This skydiver deployed their main canopy and had a bag lock, so they cutaway and deployed their reserve. However, the cutaway didn't fully release and their un-deployed main began trailing behind them. They managed to disconnect it by pulling on the riser, reeled it in (lines flailing and all), held it between their legs and landed with it. Note: this is NOT advisable.
Several factors can contribute to a bag lock: long line stows can lock each other off, a stow can get pulled into a grommet, a pilot chute can be in need of replacement, etc. We would need more information to make a definitive statement about what specifically caused this bag lock.
It’s hard to see what this jumper’s hands were doing once they decided to cutaway. The first thing that comes to mind is that they didn’t pull their handle all the way or that the cables were too long, but it appears like they dropped the handle so that may not be the case. One alternative is that there could have been a mechanical issue like the shackle from their RSL could have jammed their three-ring.
We make this statement more than any other: take packing seriously... Every. Single Time. Don’t rush, go step-by-step and don’t let yourself get distracted or complacent. When it comes to preventing bag locks, a few steps are particularly important: make sure to cock your pilot chute and don’t put too much (no more than 2 inches) excess through your stows; it can help prevent the stows from potentially catching each other.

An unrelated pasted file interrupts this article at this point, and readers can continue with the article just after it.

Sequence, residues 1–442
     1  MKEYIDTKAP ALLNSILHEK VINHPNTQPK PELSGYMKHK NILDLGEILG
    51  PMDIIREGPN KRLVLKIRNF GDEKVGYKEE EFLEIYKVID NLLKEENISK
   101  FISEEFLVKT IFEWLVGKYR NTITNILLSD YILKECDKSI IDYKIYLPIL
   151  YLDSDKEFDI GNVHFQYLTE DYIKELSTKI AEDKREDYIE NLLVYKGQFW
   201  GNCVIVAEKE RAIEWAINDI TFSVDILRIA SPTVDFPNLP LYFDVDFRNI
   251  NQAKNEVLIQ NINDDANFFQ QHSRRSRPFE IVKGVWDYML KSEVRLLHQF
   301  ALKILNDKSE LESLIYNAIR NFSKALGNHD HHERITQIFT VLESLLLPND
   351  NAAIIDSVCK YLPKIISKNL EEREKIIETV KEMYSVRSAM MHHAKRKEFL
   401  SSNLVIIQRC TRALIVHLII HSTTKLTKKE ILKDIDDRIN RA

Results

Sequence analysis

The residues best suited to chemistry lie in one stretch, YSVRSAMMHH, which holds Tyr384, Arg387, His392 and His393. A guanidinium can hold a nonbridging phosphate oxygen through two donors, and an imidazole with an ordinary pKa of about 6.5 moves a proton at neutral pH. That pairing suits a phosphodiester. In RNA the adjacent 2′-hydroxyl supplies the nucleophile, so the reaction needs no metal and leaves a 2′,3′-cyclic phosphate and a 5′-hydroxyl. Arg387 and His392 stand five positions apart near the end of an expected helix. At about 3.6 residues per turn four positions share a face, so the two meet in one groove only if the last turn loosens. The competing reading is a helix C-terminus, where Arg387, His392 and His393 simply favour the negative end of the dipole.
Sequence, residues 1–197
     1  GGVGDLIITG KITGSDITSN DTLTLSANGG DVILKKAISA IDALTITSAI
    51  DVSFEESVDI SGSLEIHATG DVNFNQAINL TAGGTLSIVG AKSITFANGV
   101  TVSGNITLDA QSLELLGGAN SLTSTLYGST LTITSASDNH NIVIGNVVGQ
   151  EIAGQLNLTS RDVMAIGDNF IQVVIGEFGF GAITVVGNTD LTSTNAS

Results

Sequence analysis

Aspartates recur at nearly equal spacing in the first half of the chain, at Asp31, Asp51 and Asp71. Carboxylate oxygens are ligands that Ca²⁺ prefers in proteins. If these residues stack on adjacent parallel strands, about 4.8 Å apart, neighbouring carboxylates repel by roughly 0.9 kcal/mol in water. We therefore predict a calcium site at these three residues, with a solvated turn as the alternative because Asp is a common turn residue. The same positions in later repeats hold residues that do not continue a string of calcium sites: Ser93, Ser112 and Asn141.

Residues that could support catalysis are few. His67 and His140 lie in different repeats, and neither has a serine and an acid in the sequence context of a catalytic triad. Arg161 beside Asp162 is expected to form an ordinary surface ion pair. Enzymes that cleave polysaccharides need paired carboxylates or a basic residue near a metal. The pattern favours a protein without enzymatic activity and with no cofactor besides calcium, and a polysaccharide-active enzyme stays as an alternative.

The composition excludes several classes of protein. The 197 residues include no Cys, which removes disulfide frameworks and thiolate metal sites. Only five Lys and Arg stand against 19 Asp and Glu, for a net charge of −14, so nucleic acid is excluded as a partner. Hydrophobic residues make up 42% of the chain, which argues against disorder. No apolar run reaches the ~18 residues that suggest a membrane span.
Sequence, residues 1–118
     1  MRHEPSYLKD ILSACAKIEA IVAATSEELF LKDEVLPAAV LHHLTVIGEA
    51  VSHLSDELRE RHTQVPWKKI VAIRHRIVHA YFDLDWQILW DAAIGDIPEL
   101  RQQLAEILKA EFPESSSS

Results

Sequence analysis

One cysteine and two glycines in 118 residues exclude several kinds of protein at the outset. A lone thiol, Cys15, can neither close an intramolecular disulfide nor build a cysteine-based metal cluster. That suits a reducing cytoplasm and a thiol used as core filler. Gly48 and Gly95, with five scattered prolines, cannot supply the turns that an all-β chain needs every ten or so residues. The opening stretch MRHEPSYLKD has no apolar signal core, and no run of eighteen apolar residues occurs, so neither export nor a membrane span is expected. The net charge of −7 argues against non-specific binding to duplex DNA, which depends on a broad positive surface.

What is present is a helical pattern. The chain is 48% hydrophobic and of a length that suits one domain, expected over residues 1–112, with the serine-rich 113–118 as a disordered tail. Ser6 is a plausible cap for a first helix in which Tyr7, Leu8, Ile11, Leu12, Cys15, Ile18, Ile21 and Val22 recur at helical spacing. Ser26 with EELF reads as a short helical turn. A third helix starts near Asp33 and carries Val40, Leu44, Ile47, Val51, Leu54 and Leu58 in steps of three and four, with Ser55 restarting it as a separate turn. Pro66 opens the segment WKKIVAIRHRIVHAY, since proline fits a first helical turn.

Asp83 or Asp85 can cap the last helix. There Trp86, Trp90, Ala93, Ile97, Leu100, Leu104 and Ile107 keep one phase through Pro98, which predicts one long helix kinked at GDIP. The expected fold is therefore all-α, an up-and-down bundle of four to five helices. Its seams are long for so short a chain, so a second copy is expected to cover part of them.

Skydiving gear is not cheap so the instinct to reel in a main during an incident like this is understandable. However, it’s not the safest option for a few reasons. First, it distracts you from focusing on a safe landing and – especially if you’re landing off already – that needs to be your top priority. Next, all those lines flying around could have easily wrapped around this jumper’s hands, risers, etc., and escalated this situation into something even scarier. Last, as one individual who viewed this video noted, the main was creepy close to coming out of the bag as this jumper reeled it in. Had it deployed it could also have potentially made this situation worse.
Fortunately, this jumper was able to fully release this incomplete cutaway with nothing but a tug on the riser. Had that not worked and the main actually deployed, they may have been in a position where they would want to cut that riser. We don’t know if they had a hook knife, but this could have easily become a situation which warranted one. (So, as we’ve asked before, is your hook knife part of your gear checks?)